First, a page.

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Friend Support and the Parenting of Latina Adolescent Mothers: The Moderating Role of Maternal Age

  • Stephanie G. Silberman
  • Josefina M. GrauEmail author
  • Patricia Castellanos
  • Petra A. Duran
  • Erin Smith
Original Paper
  • 7 Downloads

Abstract

Objectives

This study examined the role of maternal age in the relation between social support from friends and parenting adjustment in a sample of young Latina mothers and their 18-month-old children (N = 168).

Methods

Hierarchical multiple regression analyses tested friend social support types (emotional, socializing, child care) as differential predictors of maternal behavior (sensitivity, cognitive growth-fostering, detachment) displayed during mother-child play interactions. To consider maternal development, the moderating role of maternal age on these associations was tested.

Results

The relations between friend emotional and child care support and parenting were moderated by maternal age. Emotional support was related to the use of more growth-fostering parenting behaviors for older (≥19.5 years), but not for younger Latina mothers. Child care support from friends was related to the display of more detachment and less cognitive growth-fostering behaviors among the younger (≤18.7 years) mothers only. Immigrant mothers reported significantly less overall friend support and emotional support than mothers born in the mainland U.S.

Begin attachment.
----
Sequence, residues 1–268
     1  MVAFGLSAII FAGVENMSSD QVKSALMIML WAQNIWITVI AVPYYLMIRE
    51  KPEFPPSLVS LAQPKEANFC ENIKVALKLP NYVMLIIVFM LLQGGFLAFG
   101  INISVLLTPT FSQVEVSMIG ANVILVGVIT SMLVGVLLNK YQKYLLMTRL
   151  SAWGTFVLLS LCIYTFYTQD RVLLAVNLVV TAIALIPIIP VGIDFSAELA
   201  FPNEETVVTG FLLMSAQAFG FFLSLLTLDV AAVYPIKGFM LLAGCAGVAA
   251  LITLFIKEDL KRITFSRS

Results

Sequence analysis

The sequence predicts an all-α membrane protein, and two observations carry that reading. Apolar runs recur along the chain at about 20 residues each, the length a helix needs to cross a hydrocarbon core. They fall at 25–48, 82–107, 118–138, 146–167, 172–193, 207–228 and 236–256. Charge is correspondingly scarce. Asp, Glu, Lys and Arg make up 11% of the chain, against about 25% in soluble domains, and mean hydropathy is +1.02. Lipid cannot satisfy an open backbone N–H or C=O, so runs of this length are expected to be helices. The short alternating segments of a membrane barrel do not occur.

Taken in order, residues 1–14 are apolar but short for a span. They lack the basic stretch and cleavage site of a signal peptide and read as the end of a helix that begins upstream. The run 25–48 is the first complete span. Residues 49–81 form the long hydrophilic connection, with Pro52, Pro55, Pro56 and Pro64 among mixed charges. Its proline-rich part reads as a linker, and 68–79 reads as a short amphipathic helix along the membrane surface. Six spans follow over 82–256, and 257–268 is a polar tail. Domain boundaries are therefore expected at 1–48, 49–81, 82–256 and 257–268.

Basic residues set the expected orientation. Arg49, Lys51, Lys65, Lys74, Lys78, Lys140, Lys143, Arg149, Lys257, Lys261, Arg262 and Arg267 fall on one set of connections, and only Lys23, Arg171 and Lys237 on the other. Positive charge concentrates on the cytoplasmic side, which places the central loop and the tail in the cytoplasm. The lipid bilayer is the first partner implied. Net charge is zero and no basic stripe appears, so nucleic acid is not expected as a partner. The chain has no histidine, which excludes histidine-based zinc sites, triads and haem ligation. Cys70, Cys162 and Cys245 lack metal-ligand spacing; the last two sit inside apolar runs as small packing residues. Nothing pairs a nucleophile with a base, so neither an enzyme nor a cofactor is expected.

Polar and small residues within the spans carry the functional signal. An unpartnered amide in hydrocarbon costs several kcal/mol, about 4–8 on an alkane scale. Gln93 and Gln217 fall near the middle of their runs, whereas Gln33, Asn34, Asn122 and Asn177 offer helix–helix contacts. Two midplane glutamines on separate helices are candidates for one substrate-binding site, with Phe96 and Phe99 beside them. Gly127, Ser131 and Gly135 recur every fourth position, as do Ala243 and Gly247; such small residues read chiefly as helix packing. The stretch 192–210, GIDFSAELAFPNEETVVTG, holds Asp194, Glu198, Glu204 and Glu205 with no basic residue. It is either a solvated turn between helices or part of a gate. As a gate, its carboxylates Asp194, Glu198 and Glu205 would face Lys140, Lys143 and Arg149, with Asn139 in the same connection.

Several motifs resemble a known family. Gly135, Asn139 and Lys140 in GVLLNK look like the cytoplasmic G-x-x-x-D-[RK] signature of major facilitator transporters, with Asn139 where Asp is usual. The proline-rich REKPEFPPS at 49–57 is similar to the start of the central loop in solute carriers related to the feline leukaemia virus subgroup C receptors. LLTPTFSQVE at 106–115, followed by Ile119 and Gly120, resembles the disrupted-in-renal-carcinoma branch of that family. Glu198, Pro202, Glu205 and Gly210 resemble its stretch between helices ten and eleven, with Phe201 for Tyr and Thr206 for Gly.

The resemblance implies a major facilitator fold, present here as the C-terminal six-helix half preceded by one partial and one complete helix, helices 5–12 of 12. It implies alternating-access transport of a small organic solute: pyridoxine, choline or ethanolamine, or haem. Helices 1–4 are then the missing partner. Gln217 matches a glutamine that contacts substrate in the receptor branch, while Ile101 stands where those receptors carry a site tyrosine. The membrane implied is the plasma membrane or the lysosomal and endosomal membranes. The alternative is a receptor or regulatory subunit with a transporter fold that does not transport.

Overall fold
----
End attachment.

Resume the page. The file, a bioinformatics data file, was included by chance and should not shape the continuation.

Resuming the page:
Conclusions

The findings emphasize the importance of assessing the types of friend support as separate measures in an ecological context that takes into account mothers’ generational and developmental level.

Keywords

Social support Parenting Adolescent mothers Latinas Maternal age 

Notes

Acknowledgements

The research reported in this article was funded by the Eunice Kennedy Shriver National Institute of Child Health and Human Development of the National Institutes of Health under award number R01HD46554 to the second author. The content is solely the responsibility of the authors and does not necessarily represent the official views of the National Institutes of Health. We thank the families who participated in the study, project staff and the students who worked on the project. This research was conducted in partial fulfilment of the first author’s M.A. degree at Kent State University.

Compliance with Ethical Standards

Conflict of Interest

The authors declare that they have no conflict of interest.

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Copyright information

© Springer Science+Business Media, LLC, part of Springer Nature 2019

Authors and Affiliations

  1. 1.Albany Medical CenterAlbanyUSA
  2. 2.Department of Psychological SciencesKent State UniversityKentUSA
  3. 3.Hennepin County Medical CenterMinneapolisUSA
  4. 4.Texas Children’s HospitalHoustonUSA
  5. 5.Susquehanna UniversitySelinsgroveUSA

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